Phase 3, rearward stance characters go and complex maneuvers resolve. Anything that happens at the end of the round happens now. Shaina starts her turn by making an Active Defense check against shock. I don't recall what skill she used, but she focuses her mind on the tasks, concentrating on terrain, targets, allies, cover, trajectory, and nothing else. Partial Success. She gains a mental trauma, but won't be effected by it until the end of the scene or she gains an additional mental trauma. She takes aim now and shoots the second Void Witch. Critical Success, she adds her bonus die from Garret to the damage, doing something like 30 damage, and I rule that she witch just passes out, 30 being within a couple points of her Fatigue Limit, and thrice her Toughness score.

Next the bad guys go. The uninjured 3rd witch tries to envelop our melee heroes in magical darkness, and fails due to Teddy using a Quick action to interrupt her with an Aeromancy attack, dealing minor damage but dropping the triggering attack to a partial failure, causing the heroes and their enemies to be in a haze of darkness.

Teddy takes her actual turn next, and uses Geomancy (Inertiakenisis) to slow two void wolves.

The Void wolves go, attacking George and Garret as a swarm, which means they roll with a bonus die for every 3 creatures in the swarm, but a penalty from the magical darkness, so they roll with 3 rank dice, but can't get a critical success. They get a total success, and our heroes have to make an Active Defense Check to mitigate the effect. We have since streamlined this process, so I won't go into detail, but they reduce it to where George takes about 6 fatigue, and Garret takes 12, which gives him a physical Trauma, and neither is pinned by the wolves. Lastly, the injured but standing witch uses a quick action and spends AP to successfully end the binding on her, and tries to bind Teddy in place and silence her, spending most of the rest of her pool of AP. Teddy spends 3 AP to do an Active Defense and activate her Defensive Curse spell, allowing her to counter the binding with a Evocation (Malisons) check to curse the witch. She still takes 10 fatigue, but neither binding effect come through and she successfully curses the witch with a Barbed Magic curse, making her take fatigue immediately and any time she uses magic.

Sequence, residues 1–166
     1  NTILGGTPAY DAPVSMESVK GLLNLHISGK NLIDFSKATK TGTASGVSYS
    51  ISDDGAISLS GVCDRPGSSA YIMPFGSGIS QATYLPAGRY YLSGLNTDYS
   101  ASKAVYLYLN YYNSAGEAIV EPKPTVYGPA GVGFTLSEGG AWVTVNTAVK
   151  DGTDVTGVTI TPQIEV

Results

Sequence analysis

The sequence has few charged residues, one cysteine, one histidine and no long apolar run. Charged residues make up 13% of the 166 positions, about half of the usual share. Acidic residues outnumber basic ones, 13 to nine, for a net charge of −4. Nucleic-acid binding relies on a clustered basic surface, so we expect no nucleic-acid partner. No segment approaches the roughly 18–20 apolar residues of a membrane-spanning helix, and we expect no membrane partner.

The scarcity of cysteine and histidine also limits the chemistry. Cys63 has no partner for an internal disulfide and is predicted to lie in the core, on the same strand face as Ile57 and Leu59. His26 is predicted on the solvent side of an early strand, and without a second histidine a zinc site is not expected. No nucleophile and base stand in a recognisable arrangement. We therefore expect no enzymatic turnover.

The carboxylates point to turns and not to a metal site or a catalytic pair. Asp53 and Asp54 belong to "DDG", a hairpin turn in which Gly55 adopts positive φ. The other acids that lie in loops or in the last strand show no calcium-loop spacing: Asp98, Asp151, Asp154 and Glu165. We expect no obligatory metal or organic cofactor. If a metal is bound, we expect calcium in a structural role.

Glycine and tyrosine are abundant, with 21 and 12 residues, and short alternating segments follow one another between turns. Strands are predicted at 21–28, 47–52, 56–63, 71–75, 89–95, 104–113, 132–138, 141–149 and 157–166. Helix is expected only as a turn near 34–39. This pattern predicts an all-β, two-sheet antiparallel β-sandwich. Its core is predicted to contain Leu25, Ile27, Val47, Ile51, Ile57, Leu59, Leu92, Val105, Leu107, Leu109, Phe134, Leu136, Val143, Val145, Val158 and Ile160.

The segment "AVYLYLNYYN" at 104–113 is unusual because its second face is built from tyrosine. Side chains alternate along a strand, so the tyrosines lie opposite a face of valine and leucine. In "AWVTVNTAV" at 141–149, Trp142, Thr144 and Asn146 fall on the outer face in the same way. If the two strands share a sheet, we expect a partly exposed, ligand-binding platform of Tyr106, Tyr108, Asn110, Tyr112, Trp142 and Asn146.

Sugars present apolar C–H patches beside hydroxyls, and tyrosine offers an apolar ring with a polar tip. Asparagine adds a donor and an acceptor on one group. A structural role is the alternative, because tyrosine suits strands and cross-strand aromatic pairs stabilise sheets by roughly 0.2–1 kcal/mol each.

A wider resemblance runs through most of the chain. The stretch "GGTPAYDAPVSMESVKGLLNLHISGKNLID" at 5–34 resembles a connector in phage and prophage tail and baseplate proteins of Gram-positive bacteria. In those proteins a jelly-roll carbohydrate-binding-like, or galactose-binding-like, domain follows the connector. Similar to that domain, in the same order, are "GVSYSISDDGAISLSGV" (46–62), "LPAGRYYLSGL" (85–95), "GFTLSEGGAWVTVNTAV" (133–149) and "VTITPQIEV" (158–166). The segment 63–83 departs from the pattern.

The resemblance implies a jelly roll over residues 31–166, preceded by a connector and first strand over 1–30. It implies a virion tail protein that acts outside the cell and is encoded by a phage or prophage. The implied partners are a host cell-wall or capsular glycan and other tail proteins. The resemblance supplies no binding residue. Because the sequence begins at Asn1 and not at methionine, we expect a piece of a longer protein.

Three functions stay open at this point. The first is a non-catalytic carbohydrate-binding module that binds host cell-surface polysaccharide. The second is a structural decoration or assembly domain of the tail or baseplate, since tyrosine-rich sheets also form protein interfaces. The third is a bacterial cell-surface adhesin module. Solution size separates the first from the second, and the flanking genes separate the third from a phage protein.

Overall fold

We ended the session there because it was midnight, and then talked for a bit about the mechanics and how they felt and all that, mad a lot of notes, and resolved to play again ASAP. Everyone really enjoyed their characters, the preparation phase, and once we dialed in the active defense mechanics they started to feel really good.

A fun session and a lot of useful information for fine tuning this new version of thegame.


My last session? Like a song ;)

Specifically, "I've been working on the Railroad, all the live long day..."

The Dm complained, in character, that ours was the most chaotic group he'd seen. Not in terms of alignment, but in terms of group dynamic. Translation: "You won't do what I want...".

As mentioned before, my game group plays "Round Robin" style, where we take turns DMing the same group in the same world. Individual adventures are supposed to be working towards a common, long term goal.

He introduced (as in, drove home with a sledgehammer) a number of magic items that are just short of artifacts. All are aligned and he was frustrated and infuriated than none of our characters were LG alignment, so one of his pet items can't actually be wielded by anyone.